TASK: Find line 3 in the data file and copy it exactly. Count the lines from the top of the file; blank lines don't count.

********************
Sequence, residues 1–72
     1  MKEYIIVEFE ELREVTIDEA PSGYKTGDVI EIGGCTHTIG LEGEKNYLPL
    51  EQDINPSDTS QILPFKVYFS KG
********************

    51  EQDINPSDTS QILPFKVYFS KG